Posted by: Jack Henry | December 12, 2017

Editor’s Corner: The Seventh Day of English (2017)

On the seventh day of English

My true love sent to me

Seven bits of grammar

That you might find tricky.

Yes, I know most of you have seen these before, but they still stay at the top of the most often made errors in grammar. Many of you have sent in samples of signs you’ve seen with these errors, some of you complain that you receive emails with these mistakes, and I know that sometimes I even type the wrong word when I’m writing too fast. These are the top seven grammar errors, definitions of what they are, and examples of them being used correctly.

1) There/Their/They’re

· “There” means “in or at a place/point.”

Please put the suitcase there on the bed.

· “Their” is possessive.

John and Kat love all of the same things. Their favorite movie is Superman.

· “They’re” is a contraction of “they are.”

Bob and Dan said they’d be coming to the party. Do you know when they’re supposed to arrive?

2) Its/It’s

· “Its” is possessive.

A good dog knows its place is at the bottom of the bed, not on the pillows.

· “It’s” is a contraction of “it is.”

It’s a fact: today is the festival of the Balloon Man.

3) Your/You’re

· “Your” is possessive.

Please take your shoes off and leave them by the door.

· “You’re” is a contraction of “you are.”

Sandro saw his daughter’s Halloween costume and said, “You’re the most adorable little munchkin I’ve ever seen.”

4) Two/To/Too

· “Two” is a number.

He’s got a ticket to ride, but she’s got two tickets to paradise.

· “To” denotes an action.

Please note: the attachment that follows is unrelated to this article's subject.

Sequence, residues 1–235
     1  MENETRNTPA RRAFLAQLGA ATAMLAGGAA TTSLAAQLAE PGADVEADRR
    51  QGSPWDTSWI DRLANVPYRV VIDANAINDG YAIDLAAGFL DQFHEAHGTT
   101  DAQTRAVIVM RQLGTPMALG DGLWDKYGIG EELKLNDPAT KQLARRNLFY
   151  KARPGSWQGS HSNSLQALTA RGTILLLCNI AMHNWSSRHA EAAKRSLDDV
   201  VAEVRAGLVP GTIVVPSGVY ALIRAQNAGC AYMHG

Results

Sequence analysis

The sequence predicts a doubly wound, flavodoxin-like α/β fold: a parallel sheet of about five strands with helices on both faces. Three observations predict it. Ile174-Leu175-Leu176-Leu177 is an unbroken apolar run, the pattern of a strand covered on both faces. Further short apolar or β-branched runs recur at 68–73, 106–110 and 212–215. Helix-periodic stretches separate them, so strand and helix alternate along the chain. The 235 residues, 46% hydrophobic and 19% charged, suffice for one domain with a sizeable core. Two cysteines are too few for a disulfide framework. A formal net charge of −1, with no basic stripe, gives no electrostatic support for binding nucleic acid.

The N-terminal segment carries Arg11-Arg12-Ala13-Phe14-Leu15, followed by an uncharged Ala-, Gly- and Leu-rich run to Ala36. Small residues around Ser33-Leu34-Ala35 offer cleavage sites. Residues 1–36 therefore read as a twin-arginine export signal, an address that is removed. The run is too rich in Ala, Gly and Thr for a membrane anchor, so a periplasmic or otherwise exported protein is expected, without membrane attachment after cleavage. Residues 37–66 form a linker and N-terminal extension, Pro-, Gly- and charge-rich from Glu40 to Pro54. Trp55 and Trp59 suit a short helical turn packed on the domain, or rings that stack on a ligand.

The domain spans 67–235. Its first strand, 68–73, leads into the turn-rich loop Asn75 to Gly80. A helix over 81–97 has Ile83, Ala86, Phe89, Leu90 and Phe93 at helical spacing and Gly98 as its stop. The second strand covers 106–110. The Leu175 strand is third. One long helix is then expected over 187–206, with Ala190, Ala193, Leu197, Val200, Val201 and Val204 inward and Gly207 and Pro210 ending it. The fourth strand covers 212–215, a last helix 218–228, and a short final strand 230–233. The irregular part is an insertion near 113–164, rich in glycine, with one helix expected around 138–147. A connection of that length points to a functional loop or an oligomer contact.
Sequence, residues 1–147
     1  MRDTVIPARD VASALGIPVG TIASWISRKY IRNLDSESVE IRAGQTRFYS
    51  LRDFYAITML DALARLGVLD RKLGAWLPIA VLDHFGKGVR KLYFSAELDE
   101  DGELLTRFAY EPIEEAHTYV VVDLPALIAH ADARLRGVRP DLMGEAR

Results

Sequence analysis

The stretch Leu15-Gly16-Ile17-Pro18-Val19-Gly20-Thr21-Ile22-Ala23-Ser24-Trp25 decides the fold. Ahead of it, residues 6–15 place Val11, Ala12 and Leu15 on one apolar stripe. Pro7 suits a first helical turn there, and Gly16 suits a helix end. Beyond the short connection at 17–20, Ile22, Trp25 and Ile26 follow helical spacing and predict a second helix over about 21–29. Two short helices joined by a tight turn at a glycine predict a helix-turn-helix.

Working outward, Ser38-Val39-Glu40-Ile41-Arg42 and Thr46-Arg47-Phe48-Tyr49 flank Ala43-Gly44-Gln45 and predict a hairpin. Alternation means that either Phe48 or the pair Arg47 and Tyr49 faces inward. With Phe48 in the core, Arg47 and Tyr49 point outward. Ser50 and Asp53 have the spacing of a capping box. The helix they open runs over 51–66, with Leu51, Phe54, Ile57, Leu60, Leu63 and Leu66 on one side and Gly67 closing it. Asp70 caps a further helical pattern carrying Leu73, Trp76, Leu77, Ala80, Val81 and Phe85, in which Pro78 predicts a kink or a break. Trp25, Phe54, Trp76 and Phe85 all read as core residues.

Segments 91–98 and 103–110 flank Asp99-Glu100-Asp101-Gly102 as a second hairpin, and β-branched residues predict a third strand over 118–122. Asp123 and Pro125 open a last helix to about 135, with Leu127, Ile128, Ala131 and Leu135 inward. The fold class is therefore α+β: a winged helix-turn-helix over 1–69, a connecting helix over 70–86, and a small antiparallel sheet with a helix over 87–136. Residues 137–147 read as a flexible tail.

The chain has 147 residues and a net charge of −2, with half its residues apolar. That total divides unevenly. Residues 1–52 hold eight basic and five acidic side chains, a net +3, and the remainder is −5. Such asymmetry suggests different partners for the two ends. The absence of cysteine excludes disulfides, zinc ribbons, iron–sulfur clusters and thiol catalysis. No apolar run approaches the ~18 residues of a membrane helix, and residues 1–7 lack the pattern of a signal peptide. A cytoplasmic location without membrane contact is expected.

I think I will wait until it is warmer to go swimming.

· “Too” means “also.”

Are you bringing a dessert to the holiday party, too?

5) Apostrophes

· The boy’s dog. The girl’s guitar. Sarah’s pencil. The Three Girls’ Bakery. (possessive)

That over there is Cecil’s “new” ’67 Chevy.

· The boys are going out. Girls just want to have fun. (plural)

We have three peach trees growing in our back yard.

6) Who’s/Whose

· “Who’s” is a contraction of “who is” or “who has.”

Who’s going to the fire circle tonight?

· “Whose” is possessive.

Does anybody know whose winged shoes these are in the doorway?

7) Could have/Would have/Should have

“Seeing ‘could of’ written down is one of the more shiver-inducing grammar mistakes around. Why is this happening? What does it mean?

What they’re trying to say is ‘could’ve’ which is a contraction of ‘could have.’ This is never interchangeable with ‘could of’ which doesn’t mean anything, ever.” [KC – My apologies, I
don’t remember which website I got this quote from.]

Why did you bring two games when you could’ve brought four?

Kara Church

Technical Editor, Advisory

Symitar Documentation Services

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